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The Gun Runners

As previously noted, the announcement of the Oswell-Livingstone expedition to Ngamiland, organised at the initiative of Dikgosi Letsholathebe and Sechele, resulted in an immediate upsurge in the traffic of guns into northern as well as eastern Botswana as scores of fortune seekers from the Cape Colony set out for the “elephant’s graveyard”.

Most were initially unaware of either the physical hardships of the trek or the ability of rulers like Letsholathebe, Sechele, and Sekgoma, joined from 1850 by the venerable Sebetwane, to regulate their movements. While a few of the more talented ones, generally experienced high volume traders such as David “Taute” Hume, prospered many others ended up little rewarded for their efforts.

Some perished of disease or thirst. Others badly miscalculated the bargaining prowess of the Dikgosi. By 1854 the Batawana at Toteng and Makololo at Linyati were charging a barrel containing 25 pounds of gunpowder, a gun, and quantities of cloth for one tusk. Those wishing to shorten their trip generally paid out more among the Bakwena at Kolobeng-Dimawe and Bangwato at Shoshong.

In monetary terms, probably the greatest beneficiaries of the commerce were the maritime merchants who transported the ivory from Grahamstown to London where it was sold at a 100% mark-up.

Another serious risk facing the interior arms for ivory traders was the continued opposition of the Transvaal Boers. In July 1850 the Commandant-General of the western Transvaal, Adriaan Standers, was reported to have “sent an order to Sechele to stop all English travellers and traders proceeding North”. The Mokwena refused but there were further incidents of traders having their wagons and goods confiscated by Boer patrols.

In the same month the Cape Colony’s Executive Council rejected the Resident Commissioner of Bloemfontein’s suggestion that the British either extent their authority over the Transvaal or “employ an armed force for the keeping open the communication between the colony and the portion of the interior of the African continent north of the territory occupied by the Boers.”

The Council was, however, disturbed at reports emanating from Sechele’s that a 500 man commando was preparing to seize Ngamiland. It was such communications, alongside the intelligence being received from on-the-ground agents such as Oswell, which convinced the Cape Governor Sir Harry Smith to recommend accrediting “a British Agent to reside with the chiefs in the neighbourhood of the Lake”.

In his reply to the Governor, the Colonial Secretary, The Earl Grey, confirmed London’s opposition to any further extension of British rule north of the Vaal River, while signing on to a quiet policy of “encouraging and assisting the native tribes whom they are oppressing to assert their right and to defend themselves.”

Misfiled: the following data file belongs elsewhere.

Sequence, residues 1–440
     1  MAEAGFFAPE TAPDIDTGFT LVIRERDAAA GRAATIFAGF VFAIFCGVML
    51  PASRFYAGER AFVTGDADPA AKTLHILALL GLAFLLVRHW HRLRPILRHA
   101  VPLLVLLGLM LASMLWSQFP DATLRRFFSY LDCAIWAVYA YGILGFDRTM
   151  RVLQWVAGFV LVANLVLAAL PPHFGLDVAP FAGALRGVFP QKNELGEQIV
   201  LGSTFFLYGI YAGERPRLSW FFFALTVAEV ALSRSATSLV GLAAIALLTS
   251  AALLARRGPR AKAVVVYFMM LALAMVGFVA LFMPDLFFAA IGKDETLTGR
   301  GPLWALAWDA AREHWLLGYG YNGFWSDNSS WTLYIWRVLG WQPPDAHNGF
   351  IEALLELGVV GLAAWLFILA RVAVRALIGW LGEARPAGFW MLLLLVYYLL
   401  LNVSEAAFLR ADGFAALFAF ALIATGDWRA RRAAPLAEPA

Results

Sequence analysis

To avoid the Boers, a number of merchants, with

Smith’s blessing, also began to travel from Walvis Bay to Letsholathebe’s capital Toteng. Besides having to pass though the desolate landscape of central Namibia these parties often found themselves having to negotiate safe passage with  Jonker Afrikaner whose well armed Nama and “Orlams” commando dominated the region around Windhoek.

Eventually the British and Batawana helped secure the route by backing the Oveherero in their struggle to free the area from Afrikaner’s son.

Meanwhile the Boer efforts to stem the arms traffic in south-eastern Botswana failed largely due to the united effort by the Batlhaping, Barolong, Bangwaketse, and Bakwena. Another factor that kept the gunrunners in business was corruption within the Boer ranks.

Many Boers were themselves becoming involved in arms smuggling, as Livingstone anonymously taunted in the pages of the British Banner newspaper: ‘Members of his [Potgieter’s] own Council sell arms whenever they can profit. We saw one sell two hundred pounds of gunpowder and a bundle of muskets and laugh at the folly of his superior’

Prominent among the Boer traffickers was Jan Viljoen who, as veldkornet of the Marico District, bore primary responsibility for policing the western Transvaal border to stop the flow of guns. When he did exercise such authority, however, it was selective. As the English hunter-trader James Chapman, who was a sometime partner of Viljoen as well as favoured guest of Dikgosi Sechele and Sekgoma, noted in his diary in June of 1852:

“One of the richest most influential of the part, a Griqua by the name of Aapie Januarie, who [approached] Viljoen, in his official capacity as field cornet, to inform him that an Englishman named Harris was coming on with 80 guns which he is conveying to Moselekatse [the Amandebele Nkosi Mzilakazi] for sale; and to requesting Viljoen to use his influence and authority to dispossess him of them, for he considered it very wrong for the ‘veldomde Engelsman’ to arm such a savage native.”

Viljoen is further reported to have acted on the information by warning Kgosi Sekgoma of Harris’s plans, while also giving written authorisation for Adam ‘Aapie’ Januarie, to search wagons and confiscate those carrying guns and ammunition to the Amandebele without permit.

In other words, rather than stemming the flow of guns across the western frontier, Viljoen used his authority in support of collective Batswana, Griqua and Makololo efforts to deny firearms to the Amandebele.

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